The world’s first solar car is on its way

Two years ago I wrote about the possibilities of a self-charging solar car, and wondered how long it would be before such a thing was available. Six months later a start-up company in Germany unveiled the Sion, an affordable electric car covered in solar panels and that could do an average of 30 kilometers a day without ever needing to be plugged in.

It’s a story I’ve been following, and I was pleased to see The Fully Charged Show cover it recently, taking the prototype for a test drive and asking lots of questions.

As a company with a social  mission, there are some unusual features to the Sion that I was interested to hear about. For one thing, it’s designed for car sharing as standard. You can have your own if you wish, but they will all come with the features of a car-share. You can leave yours on your driveway and let your friends borrow it, unlocking it through an app. Or there’s the innovative idea for small spare parts. If someone hits your wing mirror and breaks the cover, you’ll be able to download the instructions and 3-D print a new one.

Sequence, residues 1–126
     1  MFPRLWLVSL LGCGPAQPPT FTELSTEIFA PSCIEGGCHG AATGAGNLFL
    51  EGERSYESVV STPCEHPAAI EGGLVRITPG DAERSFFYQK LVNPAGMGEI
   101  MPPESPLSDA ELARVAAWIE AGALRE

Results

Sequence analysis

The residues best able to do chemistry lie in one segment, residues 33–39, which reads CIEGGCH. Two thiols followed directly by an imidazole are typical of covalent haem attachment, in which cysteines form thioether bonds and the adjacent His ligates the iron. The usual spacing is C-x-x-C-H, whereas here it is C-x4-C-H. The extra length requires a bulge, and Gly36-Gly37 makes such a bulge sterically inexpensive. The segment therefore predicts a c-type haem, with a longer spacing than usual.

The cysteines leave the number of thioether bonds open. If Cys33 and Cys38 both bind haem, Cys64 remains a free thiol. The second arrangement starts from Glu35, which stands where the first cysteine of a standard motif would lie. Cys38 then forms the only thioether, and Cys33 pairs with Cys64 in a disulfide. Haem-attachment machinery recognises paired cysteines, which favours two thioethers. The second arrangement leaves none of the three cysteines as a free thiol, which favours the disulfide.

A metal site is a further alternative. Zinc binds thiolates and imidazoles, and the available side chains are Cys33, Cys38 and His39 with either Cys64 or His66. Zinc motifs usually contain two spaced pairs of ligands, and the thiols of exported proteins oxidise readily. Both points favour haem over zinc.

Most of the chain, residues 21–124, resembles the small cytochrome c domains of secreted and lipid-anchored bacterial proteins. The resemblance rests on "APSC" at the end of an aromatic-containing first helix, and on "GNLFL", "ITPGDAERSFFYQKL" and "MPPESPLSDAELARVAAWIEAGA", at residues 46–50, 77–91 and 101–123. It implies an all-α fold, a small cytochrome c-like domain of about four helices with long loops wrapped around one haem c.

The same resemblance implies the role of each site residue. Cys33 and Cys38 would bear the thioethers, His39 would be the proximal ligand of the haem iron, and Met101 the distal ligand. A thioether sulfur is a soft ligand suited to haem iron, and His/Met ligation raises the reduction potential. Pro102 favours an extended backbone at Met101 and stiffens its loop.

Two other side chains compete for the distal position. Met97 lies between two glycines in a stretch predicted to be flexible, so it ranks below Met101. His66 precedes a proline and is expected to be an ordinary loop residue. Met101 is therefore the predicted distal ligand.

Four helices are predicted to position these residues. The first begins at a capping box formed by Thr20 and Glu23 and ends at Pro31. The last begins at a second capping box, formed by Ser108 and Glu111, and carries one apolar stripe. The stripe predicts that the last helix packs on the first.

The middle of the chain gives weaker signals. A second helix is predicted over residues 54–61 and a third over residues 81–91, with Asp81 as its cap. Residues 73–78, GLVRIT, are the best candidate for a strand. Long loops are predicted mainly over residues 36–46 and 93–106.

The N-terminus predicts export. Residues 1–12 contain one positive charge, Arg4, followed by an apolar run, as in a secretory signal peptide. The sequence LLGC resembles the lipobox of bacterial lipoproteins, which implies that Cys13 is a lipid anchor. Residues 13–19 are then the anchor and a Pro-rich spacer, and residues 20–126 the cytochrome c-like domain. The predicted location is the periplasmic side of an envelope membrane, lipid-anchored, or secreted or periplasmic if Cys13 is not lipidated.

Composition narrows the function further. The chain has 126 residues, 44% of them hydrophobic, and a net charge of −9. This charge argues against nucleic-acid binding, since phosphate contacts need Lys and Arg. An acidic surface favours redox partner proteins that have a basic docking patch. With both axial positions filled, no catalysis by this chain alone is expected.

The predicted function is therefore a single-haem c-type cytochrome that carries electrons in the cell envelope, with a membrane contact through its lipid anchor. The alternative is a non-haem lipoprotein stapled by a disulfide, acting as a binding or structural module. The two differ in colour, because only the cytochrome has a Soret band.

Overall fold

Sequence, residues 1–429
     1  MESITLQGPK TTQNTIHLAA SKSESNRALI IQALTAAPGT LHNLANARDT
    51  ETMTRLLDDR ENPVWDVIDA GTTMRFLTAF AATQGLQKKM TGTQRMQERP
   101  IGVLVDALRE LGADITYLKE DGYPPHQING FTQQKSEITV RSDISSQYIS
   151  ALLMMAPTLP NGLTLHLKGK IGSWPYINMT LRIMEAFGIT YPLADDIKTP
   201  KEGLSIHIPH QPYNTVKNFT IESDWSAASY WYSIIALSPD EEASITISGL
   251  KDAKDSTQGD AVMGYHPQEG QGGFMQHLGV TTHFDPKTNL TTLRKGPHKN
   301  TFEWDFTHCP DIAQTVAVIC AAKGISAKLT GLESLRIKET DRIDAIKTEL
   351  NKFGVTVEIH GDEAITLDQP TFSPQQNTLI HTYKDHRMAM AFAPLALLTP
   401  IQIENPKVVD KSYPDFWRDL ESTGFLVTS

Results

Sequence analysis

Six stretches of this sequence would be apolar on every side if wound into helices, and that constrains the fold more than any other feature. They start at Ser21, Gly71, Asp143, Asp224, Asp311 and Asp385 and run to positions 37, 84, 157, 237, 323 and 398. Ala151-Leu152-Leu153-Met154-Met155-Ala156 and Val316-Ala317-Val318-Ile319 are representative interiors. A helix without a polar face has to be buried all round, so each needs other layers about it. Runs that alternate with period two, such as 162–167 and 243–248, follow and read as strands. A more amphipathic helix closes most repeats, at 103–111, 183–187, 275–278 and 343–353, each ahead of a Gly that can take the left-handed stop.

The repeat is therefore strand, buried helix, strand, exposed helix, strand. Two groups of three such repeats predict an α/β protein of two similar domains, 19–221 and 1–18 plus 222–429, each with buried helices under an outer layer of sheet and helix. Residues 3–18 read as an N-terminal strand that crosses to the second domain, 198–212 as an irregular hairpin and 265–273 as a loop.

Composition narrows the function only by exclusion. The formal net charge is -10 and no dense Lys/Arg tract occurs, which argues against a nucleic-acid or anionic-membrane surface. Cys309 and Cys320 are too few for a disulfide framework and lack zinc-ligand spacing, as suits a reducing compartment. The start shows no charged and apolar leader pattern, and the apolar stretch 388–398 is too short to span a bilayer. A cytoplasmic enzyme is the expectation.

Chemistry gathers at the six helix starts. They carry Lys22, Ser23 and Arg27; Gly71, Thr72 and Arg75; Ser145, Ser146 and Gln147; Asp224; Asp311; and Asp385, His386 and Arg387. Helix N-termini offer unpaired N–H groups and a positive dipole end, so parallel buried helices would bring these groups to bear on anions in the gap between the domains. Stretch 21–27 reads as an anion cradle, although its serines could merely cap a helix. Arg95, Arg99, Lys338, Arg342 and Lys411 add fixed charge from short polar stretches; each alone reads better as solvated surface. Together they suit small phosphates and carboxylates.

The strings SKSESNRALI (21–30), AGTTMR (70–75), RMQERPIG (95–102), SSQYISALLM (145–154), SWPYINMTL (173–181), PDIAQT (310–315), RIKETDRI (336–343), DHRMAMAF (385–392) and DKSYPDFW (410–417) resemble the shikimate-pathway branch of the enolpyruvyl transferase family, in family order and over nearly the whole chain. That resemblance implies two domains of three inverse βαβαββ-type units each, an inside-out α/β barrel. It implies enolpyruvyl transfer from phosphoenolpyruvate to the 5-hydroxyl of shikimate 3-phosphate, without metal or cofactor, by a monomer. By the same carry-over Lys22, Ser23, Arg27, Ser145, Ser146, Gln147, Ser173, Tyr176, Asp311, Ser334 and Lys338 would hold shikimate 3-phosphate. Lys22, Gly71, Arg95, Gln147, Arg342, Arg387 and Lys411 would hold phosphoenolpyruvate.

There’s more detail on the Sono website, including plenty of progress since the video was made. I’ll keep an eye on this one, as getting the car through manufacturing and creating service networks is a major challenge for new car companies. But if they can make it work, there’s a good chance that the Sion will be the most sustainable car ever made.


    1. Affordable is relative I guess – I can’t afford one. What I mean its that it’s priced towards normal consumers rather than the high end of the market. A pre-order costs €25,500, which puts it alongside the Nissan Leaf or electric VW Golf, rather than a Tesla or Jaguar I-Pace.

      When you consider that day to day casual use could be free if it’s solar powered, that’s not bad value.

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